Union Health Minister JP Nadda has launched the Test and Treat policy for Human Immunodeficiency Virus (HIV) patients. As per this new policy, anyone who is tested and found positive will get the necessary treatment free of cost. Anyone found positive will be provided with ART (Anti- Retroviral Therapy) irrespective of his CD count. The scheme will be a centrally sponsored scheme. All men, women, adolescents and children who have been diagnosed positively can benefit under this new policy. HIV destroys the CD4 T cells in the human body and weakens the immunity levels. A person who has CD4 cell count below 200 is considered to be at significant risk of developing serious illnesses. Before the announcement of this new policy, the government was providing free treatment to people with a count of 400 and below.
The government is set to soon launch a National Strategic Plan for HIV for the next seven years, which will be significant for ending AIDS. Recently, the government also passed the long-pending HIV/AIDS Act. The HIV/AIDS Act has the key provisions such as the prohibition of discrimination, informed consent, non-disclosure of HIV status, anti-retroviral therapy and opportunistic infection management, protection of property of affected children, safe working environment and provision for the appointment of ombudsman in every state. In India, around 21 lakh people are estimated to have HIV. Out of them, only about 14 lakh people have been identified yet. To identify the remaining cases, the government has revised national HIV testing guidelines. Recently, the treatment provided by about 1,600 ART and Link ART sites have crossed the 1 million people mark making the country the second in the world to have such large number of people on free lifelong treatment.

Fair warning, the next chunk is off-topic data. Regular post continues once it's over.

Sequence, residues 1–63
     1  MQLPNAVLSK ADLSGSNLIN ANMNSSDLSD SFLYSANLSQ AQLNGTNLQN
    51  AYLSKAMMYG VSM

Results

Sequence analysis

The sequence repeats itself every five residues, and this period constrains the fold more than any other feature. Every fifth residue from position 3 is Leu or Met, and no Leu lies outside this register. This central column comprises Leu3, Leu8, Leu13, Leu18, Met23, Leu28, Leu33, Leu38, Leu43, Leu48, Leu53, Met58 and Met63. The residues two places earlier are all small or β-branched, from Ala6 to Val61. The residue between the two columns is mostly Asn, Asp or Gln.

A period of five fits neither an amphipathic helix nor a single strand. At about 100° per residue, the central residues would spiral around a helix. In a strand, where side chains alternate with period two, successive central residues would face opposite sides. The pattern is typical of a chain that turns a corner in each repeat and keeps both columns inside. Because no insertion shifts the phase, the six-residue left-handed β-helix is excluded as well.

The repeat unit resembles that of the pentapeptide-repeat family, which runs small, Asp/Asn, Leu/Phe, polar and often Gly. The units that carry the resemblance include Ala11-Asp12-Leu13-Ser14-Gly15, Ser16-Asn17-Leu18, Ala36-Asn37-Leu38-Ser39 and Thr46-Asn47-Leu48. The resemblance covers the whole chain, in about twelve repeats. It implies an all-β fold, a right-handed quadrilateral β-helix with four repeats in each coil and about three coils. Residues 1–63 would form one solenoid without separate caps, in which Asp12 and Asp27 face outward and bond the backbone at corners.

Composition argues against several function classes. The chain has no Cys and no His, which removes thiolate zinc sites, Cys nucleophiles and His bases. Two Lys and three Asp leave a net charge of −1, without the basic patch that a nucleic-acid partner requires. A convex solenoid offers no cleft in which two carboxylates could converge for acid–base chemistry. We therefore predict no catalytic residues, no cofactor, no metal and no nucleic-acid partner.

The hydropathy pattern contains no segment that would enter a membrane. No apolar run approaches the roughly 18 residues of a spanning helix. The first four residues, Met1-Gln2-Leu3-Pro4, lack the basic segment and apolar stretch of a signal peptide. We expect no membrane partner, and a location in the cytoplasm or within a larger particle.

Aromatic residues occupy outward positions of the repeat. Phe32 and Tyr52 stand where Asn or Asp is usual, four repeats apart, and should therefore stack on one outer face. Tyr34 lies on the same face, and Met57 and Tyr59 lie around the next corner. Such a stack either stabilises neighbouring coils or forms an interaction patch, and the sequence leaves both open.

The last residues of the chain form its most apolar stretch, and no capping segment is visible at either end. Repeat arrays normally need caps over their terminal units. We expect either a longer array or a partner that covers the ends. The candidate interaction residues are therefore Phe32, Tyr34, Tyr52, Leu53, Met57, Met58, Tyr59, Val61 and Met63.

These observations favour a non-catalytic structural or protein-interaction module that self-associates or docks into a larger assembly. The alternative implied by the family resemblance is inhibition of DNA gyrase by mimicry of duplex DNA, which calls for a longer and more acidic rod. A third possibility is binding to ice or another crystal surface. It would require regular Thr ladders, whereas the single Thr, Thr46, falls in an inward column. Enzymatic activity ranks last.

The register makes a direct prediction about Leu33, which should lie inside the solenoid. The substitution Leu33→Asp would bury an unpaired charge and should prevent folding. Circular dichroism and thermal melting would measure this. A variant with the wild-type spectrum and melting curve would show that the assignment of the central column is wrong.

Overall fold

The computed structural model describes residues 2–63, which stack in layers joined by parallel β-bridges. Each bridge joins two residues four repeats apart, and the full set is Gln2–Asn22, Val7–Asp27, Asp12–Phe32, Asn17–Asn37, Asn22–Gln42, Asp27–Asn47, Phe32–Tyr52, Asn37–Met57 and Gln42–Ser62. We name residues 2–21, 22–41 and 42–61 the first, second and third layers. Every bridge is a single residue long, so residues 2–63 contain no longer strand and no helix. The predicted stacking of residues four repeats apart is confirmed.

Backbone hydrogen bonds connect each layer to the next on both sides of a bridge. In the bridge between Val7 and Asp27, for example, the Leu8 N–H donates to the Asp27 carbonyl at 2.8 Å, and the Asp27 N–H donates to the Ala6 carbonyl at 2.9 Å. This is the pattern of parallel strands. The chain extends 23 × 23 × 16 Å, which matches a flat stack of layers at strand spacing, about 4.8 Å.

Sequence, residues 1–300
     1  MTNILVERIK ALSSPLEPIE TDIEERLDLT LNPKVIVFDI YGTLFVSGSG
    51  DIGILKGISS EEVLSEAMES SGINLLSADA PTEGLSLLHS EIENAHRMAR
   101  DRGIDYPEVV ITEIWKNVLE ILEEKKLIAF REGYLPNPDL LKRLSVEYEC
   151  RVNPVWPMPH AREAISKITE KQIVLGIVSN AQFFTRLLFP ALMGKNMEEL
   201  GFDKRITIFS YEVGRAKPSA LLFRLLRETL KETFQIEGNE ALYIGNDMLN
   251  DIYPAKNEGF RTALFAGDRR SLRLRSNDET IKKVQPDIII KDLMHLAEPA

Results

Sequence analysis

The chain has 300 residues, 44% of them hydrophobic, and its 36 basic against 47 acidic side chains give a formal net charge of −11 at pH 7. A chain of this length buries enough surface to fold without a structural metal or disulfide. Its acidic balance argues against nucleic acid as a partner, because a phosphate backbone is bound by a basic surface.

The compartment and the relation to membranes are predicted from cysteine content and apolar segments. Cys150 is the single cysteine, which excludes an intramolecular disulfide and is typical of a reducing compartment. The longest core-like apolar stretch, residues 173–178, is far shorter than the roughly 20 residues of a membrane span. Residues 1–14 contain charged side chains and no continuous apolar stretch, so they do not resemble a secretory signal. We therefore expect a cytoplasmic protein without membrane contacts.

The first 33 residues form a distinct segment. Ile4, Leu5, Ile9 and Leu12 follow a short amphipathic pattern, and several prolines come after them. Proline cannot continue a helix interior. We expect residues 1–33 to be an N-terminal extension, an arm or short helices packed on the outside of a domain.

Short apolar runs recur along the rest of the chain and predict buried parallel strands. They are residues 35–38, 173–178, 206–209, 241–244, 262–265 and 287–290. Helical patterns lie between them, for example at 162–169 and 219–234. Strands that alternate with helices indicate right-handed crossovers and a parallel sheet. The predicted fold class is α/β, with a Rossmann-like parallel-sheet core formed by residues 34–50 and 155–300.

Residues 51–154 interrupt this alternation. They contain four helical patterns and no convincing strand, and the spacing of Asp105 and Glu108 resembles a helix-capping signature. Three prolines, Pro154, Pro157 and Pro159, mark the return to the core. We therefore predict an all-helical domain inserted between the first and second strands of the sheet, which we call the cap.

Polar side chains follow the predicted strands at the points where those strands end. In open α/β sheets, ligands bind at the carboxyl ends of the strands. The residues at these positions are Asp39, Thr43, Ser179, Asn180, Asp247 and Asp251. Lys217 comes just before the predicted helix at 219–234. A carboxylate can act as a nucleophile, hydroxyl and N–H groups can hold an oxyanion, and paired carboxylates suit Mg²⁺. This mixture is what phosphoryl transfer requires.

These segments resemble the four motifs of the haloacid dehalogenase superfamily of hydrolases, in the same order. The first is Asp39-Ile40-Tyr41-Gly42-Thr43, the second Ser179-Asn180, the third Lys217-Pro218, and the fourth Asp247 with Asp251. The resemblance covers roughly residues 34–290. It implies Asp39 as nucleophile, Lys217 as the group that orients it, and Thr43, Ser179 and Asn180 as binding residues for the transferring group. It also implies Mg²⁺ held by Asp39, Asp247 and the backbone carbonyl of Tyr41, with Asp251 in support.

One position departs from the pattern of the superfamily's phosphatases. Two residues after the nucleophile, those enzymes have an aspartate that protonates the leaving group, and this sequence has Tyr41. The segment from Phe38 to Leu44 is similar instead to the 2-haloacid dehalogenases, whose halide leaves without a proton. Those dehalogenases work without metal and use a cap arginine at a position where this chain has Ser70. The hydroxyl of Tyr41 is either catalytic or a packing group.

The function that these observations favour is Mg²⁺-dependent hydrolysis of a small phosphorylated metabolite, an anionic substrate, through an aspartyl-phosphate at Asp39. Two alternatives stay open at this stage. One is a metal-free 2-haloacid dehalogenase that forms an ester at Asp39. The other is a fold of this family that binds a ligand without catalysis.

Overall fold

Acquired Immune Deficiency Syndrome (AIDS) is caused by Human Immunodeficiency Virus (HIV). Human immunodeficiency virus (HIV) is a retrovirus. It is also known as human T-lymphotropic virus-III (HTLV-III), lymphadenopathy-associated virus (LAV), and AIDS-associated retrovirus (ARV). Transmission of HIV involves anal, vaginal or oral sex, blood transfusion, contaminated hypodermic needles, an exchange between mother and baby during pregnancy, childbirth, breastfeeding or other exposure to one of the above bodily fluids.